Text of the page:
Central bank intervention is the new norm

By Jacqueline Louie | March 15, 2013 | Last updated on March 15, 2013
2 min read

Central bank stimulus is now driving asset values around the world, said BNY Mellon senior fixed-income market strategist Marvin Loh during a presentation hosted by the CFA Society of Calgary.

Those policies are “probably here to stay, with central bank intervention as one of the main monetary tools. An unprecedented amount of money is making its way into the financial system,” says Loh, who expects global balance sheets to continue growing.

Read: Central banks hog the limelight

The largest central bank playing this game has been the Federal Reserve, which won’t change its stance soon. In the U.S. and Canada, growth is below potential, he notes, and the Eurozone is expected to be in recession again this year.

“Central bankers are going to be all in because they are guarding against deflation. And once you go down this route, it’s very hard to stop until the most aggressive, biggest player also pulls out.”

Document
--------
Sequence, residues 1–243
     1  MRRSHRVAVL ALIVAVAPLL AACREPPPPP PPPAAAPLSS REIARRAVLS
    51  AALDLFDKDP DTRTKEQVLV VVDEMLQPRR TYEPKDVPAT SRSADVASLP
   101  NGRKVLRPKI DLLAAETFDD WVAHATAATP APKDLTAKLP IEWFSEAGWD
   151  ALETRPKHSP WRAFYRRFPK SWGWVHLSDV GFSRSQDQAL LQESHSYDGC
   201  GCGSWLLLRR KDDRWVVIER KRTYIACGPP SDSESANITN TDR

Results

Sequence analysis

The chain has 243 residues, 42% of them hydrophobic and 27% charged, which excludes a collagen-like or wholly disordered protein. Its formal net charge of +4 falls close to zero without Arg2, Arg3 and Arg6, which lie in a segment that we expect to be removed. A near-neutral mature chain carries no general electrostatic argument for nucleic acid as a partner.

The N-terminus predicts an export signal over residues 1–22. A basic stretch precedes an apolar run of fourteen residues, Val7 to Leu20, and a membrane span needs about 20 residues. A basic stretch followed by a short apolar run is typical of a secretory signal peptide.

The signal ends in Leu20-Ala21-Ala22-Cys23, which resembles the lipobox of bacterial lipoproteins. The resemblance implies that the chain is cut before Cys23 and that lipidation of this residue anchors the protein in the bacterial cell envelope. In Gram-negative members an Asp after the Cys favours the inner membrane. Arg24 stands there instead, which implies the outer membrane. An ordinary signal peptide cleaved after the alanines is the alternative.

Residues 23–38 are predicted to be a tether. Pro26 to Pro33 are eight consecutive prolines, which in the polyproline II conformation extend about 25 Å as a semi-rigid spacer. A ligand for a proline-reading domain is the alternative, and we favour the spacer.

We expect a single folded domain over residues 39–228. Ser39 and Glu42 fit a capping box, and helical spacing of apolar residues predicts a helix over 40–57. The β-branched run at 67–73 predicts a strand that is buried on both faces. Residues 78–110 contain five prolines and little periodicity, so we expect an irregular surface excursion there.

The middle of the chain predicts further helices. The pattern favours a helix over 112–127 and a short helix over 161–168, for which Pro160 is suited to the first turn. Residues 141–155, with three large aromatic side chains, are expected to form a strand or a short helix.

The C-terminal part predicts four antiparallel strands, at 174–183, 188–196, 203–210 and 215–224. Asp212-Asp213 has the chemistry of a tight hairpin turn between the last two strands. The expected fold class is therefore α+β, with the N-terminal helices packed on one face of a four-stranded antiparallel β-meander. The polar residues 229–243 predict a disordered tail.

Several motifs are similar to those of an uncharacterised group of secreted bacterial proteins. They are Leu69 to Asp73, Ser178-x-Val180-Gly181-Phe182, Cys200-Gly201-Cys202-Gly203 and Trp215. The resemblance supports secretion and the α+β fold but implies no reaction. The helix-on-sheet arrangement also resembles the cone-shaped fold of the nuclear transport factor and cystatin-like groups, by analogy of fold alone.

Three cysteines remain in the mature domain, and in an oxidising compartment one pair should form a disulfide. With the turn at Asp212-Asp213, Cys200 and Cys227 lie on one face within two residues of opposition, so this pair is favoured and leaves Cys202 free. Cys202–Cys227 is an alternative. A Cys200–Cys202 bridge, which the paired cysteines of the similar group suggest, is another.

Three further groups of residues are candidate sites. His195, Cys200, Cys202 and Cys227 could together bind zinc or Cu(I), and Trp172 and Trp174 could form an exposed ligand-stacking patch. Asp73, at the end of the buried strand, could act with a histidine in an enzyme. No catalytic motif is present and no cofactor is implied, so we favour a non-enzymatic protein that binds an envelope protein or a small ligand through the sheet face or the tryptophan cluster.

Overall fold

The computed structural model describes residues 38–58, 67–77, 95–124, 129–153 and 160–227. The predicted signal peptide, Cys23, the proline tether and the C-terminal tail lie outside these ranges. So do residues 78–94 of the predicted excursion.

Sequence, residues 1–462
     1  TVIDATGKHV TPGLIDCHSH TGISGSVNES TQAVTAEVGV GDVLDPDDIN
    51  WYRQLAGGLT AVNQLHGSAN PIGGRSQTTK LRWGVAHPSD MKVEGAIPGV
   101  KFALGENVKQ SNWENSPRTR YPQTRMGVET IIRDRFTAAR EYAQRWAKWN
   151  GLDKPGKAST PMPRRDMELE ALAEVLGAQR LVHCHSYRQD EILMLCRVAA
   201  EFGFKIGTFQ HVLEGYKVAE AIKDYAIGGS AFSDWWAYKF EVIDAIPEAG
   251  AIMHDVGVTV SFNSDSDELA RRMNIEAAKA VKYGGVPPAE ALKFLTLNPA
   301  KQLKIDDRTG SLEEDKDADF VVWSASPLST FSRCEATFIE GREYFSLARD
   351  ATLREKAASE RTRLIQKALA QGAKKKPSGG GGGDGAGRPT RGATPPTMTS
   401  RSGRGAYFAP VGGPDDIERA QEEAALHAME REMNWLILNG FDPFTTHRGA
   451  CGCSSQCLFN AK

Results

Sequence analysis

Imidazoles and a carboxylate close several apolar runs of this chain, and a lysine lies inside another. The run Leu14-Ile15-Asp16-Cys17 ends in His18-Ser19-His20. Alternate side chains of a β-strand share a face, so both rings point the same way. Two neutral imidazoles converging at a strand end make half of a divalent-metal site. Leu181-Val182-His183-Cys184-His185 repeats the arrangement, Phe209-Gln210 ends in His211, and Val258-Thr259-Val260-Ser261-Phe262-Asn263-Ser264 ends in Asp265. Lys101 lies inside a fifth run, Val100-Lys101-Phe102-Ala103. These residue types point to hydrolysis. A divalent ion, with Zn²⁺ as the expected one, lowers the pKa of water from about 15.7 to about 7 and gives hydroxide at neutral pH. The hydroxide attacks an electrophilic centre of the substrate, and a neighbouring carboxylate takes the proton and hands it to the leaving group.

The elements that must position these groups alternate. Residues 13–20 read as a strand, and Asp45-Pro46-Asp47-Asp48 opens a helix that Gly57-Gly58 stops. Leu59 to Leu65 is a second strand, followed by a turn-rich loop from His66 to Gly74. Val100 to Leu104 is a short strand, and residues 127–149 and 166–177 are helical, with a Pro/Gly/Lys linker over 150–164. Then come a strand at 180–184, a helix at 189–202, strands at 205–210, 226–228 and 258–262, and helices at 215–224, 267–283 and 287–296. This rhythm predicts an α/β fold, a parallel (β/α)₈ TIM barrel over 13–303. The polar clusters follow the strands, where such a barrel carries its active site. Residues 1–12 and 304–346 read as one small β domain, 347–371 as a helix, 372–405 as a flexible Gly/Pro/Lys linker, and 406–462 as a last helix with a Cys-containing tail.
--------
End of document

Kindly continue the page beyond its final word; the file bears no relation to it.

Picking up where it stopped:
In Canada, with a new central banker coming in, “The real question is whether he will continue with a more neutral to tightening stance, which is the exact opposite of what everyone else is doing in the world.”

Read: Who will replace Mark Carney?

Many investors worry about the prospect of significantly higher interest rates, but Loh says they will remain where they are. “We’re probably in coupon-cutting mode in the bond market.”

Read: Central bank rates and retirement (an editorial from 2007) for more on how future rising rates could affect retirement planning

Ten-year U.S. Treasury bonds now yield 2.02%, he adds, and rates will remain anchored between 1.8% and 2.25%.

“If bonds remain range-bound, it dispels the great rotation concern that we are going to have a lot of selling off of bonds to buy stocks,” Loh says. “The concept that everyone is going to flee bonds is a little overblown — the evidence doesn’t suggest it.”

Regardless, investors need to look globally for yield, he says.

“Look for currencies that are stable and can hold value,” he says. These include the Swiss franc, the Canadian dollar and some of the Nordic currencies, such as the Danish krone or Swedish krona.

In addition, look at emerging-market opportunities, Loh says. “Depending on risk tolerance, buy emerging market investments in the local currency [rather than in] U.S. dollars. If you buy in the local currency and if the currency appreciates, you are getting a boosted return.”


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